Our cells contain little powerhouses called mitochondria. Our mitochondria can absorb deep-penetrating light and use it to produce adenosine triphosphate (ATP) for cellular energy. This increased cellular energy leads to a wide range of beneficial health effects as the cells function more efficiently and at a higher level.
What Is a Deep-Penetrating Light Therapy Device?
A deep-penetrating light therapy device is a machine that delivers red, near-infrared (NIR), and/or infrared (IR) light therapy to the tissues of the body.
These devices range from large machines intended for full-body light exposure in medical spas and select physicians’ offices to handheld devices, masks, and LED panels intended for home use. They range in price from $20 up to the low six figures.
Whether or not you should purchase your own deep-penetrating light therapy device depends on your specific needs and how often you plan to use it.
For instance, if you intend to use light therapy once per week for total body benefits and you have plenty of time and disposable income, you may opt for sessions at a local spa. But if you intend to use red light therapy for frequent canker sores, you’ll likely want to invest in a handheld device you can use at home several times per day.
If you choose to purchase a deep-penetrating light therapy device, you’ll want to make sure it’s capable of enough power output to produce therapeutic levels of light energy.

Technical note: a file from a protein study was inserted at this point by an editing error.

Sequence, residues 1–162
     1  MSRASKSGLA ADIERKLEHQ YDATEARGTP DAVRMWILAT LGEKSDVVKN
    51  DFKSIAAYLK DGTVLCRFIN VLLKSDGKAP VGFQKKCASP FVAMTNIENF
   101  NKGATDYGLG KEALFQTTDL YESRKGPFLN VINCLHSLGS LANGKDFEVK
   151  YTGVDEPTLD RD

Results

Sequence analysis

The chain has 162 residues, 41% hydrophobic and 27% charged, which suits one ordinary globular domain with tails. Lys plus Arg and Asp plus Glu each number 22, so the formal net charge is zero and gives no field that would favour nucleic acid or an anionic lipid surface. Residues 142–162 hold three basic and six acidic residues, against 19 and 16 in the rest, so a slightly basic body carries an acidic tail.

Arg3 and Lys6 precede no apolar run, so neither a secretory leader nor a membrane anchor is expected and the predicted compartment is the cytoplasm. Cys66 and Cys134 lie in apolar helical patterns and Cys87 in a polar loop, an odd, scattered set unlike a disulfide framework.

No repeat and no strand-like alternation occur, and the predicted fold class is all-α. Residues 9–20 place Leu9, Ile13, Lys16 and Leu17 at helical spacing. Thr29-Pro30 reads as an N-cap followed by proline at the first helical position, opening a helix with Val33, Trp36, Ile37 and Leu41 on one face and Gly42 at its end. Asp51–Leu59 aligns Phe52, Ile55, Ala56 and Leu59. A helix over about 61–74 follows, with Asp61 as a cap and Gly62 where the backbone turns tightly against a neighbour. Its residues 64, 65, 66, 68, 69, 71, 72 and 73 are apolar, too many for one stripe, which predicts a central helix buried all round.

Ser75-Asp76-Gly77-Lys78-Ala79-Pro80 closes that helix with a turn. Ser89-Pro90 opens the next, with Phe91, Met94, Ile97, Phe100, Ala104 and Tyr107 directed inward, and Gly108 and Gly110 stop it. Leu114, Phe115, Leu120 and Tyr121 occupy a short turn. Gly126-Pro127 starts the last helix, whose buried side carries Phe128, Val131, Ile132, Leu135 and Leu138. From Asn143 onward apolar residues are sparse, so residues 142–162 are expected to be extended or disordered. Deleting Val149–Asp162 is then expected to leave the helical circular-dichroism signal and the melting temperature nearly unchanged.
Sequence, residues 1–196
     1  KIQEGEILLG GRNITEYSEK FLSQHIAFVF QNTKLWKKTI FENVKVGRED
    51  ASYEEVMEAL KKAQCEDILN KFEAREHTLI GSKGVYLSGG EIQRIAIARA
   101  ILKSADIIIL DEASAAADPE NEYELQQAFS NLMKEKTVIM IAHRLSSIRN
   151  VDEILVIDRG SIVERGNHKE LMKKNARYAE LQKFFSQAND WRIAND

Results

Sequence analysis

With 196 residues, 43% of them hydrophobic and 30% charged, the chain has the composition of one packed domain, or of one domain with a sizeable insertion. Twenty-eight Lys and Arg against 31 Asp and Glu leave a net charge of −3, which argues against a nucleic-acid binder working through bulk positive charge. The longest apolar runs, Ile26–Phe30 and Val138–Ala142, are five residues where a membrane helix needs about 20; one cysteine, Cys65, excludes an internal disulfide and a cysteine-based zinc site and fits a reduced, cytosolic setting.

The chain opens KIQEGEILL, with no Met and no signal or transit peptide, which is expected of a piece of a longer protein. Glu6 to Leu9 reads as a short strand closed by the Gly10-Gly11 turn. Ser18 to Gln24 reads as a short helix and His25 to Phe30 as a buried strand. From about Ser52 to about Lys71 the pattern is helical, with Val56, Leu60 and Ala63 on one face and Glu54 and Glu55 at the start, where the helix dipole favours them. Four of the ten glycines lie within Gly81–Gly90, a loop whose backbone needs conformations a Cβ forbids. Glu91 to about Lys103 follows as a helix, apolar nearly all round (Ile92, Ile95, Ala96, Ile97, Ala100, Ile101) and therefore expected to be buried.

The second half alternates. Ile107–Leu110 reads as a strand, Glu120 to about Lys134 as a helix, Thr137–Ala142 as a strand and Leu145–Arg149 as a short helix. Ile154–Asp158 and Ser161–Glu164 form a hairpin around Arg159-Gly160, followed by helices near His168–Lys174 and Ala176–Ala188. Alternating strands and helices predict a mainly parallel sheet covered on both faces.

Health Benefits of Light Therapy
Light therapy, including deep-penetrating light therapy, has a wide range of applications for the skin as well as for deeper bodily systems. Here are just a few:
- Eczema and psoriasis
- Back pain
- Blood circulation
- Burns and wounds
- Circadian rhythm sleep disorders
- Seasonal affective disorder (SAD)
- Thyroid disease
- Hair loss
- Weight loss
Deep-Penetrating Light Therapy Devices Available for Purchase
There are a multitude of deep-penetrating light therapy devices available for purchase on the market today. Here are just a few of our favorites.
Joovv Go 2.0
The Joovv Go 2.0 is a handheld device that features a unique alarm clock, allowing you to wake up with your light therapy session already in progress. This device is a miniature version of Joovv’s larger red light therapy system.
Luminance RED offers several handheld deep-penetrating light therapy devices to treat specific conditions like cold sores, canker sores, and genital herpes. Each device is designed to treat that specific ailment. Reviews state that the Luminance RED products decrease outbreak duration and reduce pain.
LightStim LED Bed
The LightStim LED Bed was the first red light therapy bed cleared by the FDA. This bed is over seven feet long, contains 18,240 individual LEDs, and is a preferred device among athletes. It’s a big investment, but it’s a popular choice for high-end customers and medical spa owners.
Before You Begin
Remember, you should always consult with your physician before beginning a new treatment regimen for any health concern. Don’t stop taking any prescribed medications without consulting with your prescribing physician, and be sure to research the deep-penetrating light therapy device you’re considering before purchase.